If anyone who reads this blog has somehow does not also read Larry Hurtado's or April DeConick's blogs, please check into the discussion they're having about Gnostics as Christian Intellectuals.
Hurtado's first post; DeConick's response; Hurtado's response to DeConick's response.
Hurtado's posts predominantly raise the question of definition: what is an intellectual (and, by the way, most scholars would not fall under his definition because you have to be public - and therefore counts only those engaged in apologetics or who can draw a Greco-Roman response)? This definition of intellectual, relying on the old distinction between a scholar and an intellectual, raises some questions for early Christian thinkers (a term I will use to cover both scholars and intellectuals).
So was Origen merely a scholar - not an intellectual - until he wrote Contra Celsum? How truly "public" are apologetic writings? Though Justin's apologies are addressed to the emperor, they very unlikely met their addressee - so to whom was he actually writing? Was Dialogue with Trypho meant to be read to Jews? Or was all of this predominantly internally distributed? That is, were they really more public than other writings? At this point, the difference between Justin and Apocryphon of John is its distribution network. Nonetheless, "Gnostics" weren't very good at keeping these texts esoteric if that is what they meant to do, since it seems Irenaeus was able to get copies of it and other documents with relative ease - and if he could get copies, couldn't others? Origen clearly had a copy of Heracleon's Commentary on John. So, again, if meant to be esoteric, they kept falling into other people's hands if those people wanted them. Though Larry is unsure if Valentinians count as Gnostic.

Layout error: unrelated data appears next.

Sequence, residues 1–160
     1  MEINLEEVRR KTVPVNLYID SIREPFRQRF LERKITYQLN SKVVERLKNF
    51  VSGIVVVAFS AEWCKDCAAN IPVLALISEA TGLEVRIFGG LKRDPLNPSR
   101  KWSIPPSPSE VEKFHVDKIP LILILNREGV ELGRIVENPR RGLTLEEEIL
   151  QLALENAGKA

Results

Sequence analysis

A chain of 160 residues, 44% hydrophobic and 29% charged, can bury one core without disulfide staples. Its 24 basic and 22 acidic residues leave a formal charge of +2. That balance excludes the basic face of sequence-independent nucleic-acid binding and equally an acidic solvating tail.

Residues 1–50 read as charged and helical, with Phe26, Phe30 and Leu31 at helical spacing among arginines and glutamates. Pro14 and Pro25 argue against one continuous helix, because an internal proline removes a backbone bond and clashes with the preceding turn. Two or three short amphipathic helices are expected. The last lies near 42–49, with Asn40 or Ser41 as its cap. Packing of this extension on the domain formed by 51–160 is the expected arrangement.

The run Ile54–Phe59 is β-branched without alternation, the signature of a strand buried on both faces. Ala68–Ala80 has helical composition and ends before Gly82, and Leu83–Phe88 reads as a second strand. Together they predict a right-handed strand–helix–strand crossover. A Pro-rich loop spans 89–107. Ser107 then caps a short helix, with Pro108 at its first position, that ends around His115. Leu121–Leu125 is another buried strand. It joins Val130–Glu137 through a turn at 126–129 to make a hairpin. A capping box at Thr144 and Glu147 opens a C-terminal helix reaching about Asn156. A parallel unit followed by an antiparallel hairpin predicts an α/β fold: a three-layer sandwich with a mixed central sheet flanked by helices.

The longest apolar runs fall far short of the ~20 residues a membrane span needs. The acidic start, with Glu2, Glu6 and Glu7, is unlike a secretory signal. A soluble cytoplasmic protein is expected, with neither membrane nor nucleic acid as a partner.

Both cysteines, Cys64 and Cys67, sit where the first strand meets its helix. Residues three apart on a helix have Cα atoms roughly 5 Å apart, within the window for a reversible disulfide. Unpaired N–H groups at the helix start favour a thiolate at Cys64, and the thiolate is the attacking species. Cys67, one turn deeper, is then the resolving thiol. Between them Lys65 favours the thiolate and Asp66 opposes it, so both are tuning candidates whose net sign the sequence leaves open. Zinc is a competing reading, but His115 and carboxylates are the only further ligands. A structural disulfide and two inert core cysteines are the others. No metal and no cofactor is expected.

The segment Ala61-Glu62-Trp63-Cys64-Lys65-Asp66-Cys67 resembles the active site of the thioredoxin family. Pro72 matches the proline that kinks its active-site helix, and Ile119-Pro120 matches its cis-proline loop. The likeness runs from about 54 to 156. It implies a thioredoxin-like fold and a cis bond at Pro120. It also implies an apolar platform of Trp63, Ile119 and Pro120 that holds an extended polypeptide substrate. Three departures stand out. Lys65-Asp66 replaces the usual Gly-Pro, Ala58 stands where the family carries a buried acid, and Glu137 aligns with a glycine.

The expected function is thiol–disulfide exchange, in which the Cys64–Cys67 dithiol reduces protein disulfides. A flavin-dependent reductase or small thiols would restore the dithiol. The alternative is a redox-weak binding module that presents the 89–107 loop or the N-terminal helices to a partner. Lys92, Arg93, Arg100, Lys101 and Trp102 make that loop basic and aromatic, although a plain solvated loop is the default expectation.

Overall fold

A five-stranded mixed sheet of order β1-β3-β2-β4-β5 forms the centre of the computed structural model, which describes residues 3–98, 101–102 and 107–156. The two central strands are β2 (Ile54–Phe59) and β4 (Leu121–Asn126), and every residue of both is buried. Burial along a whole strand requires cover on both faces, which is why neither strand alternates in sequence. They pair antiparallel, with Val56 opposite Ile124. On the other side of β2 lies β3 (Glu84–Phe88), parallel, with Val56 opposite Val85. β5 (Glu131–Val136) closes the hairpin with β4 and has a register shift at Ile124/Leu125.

Perhaps it is not a matter of actual distribution - since it is conceivable that the Apocryphon of John and Justin's Second Apology both had relatively similar levels of distribution - but perhaps it is a matter of intention. But I think all members of the debate would stop at this point and say we cannot reconstruct such intentions. All we have are texts, and we tend to find Justin's apologies clear - though quite pedestrian in their quality of thinking - and Hypostasis of the Archons unclear. Is this a matter of esotericism? Or just the distance of modern and ancient modes of thinking? Or - put another way - how strongly does one divide the line between pseudo-philosophical inquiry of the earliest apologists and mythopoetic inquiry of the Gnostics (since Plato himself - undoubtedly an intellectual, right? - dabbled in both in Timaeus). Relevance for other periods: are Kabbalists intellectuals?
It is an important question not just for ancient Christians, but for today: what constitutes an intellectual?
The second main question that has arisen in Hurtado's most recent post is: What is a "Gnostic" (using Michael Williams's critique from Rethinking Gnosticism)? Michael Williams and Karen King have both written books to critique the concept of Gnostic/Gnosticism. It is still an open debate with others defending the category (e.g., Birger Pearson and April DeConick herself) or others restricting the term to those typically designated as Sethians (e.g., Bentley Layton and David Brakke). I doubt there will be much out of this particular definitional impasse anytime soon.
DeConick's post predominantly raises the issue of evidence, listing several traditionally Gnostic texts / figures as proof of their intellectual vibrancy - as well as the evidence of Greco-Roman responses from Plotinus/Porphyry and Celsus. Hurtado's response to her recognizes several of these figures as, indeed, intellectuals but questions whether they count as Gnostic. She also notes an institutional bias in modern scholarship that re-marginalizes these ancient marginalized group.
Be sure to read the posts - and let's see if they continue or if others join the chorus.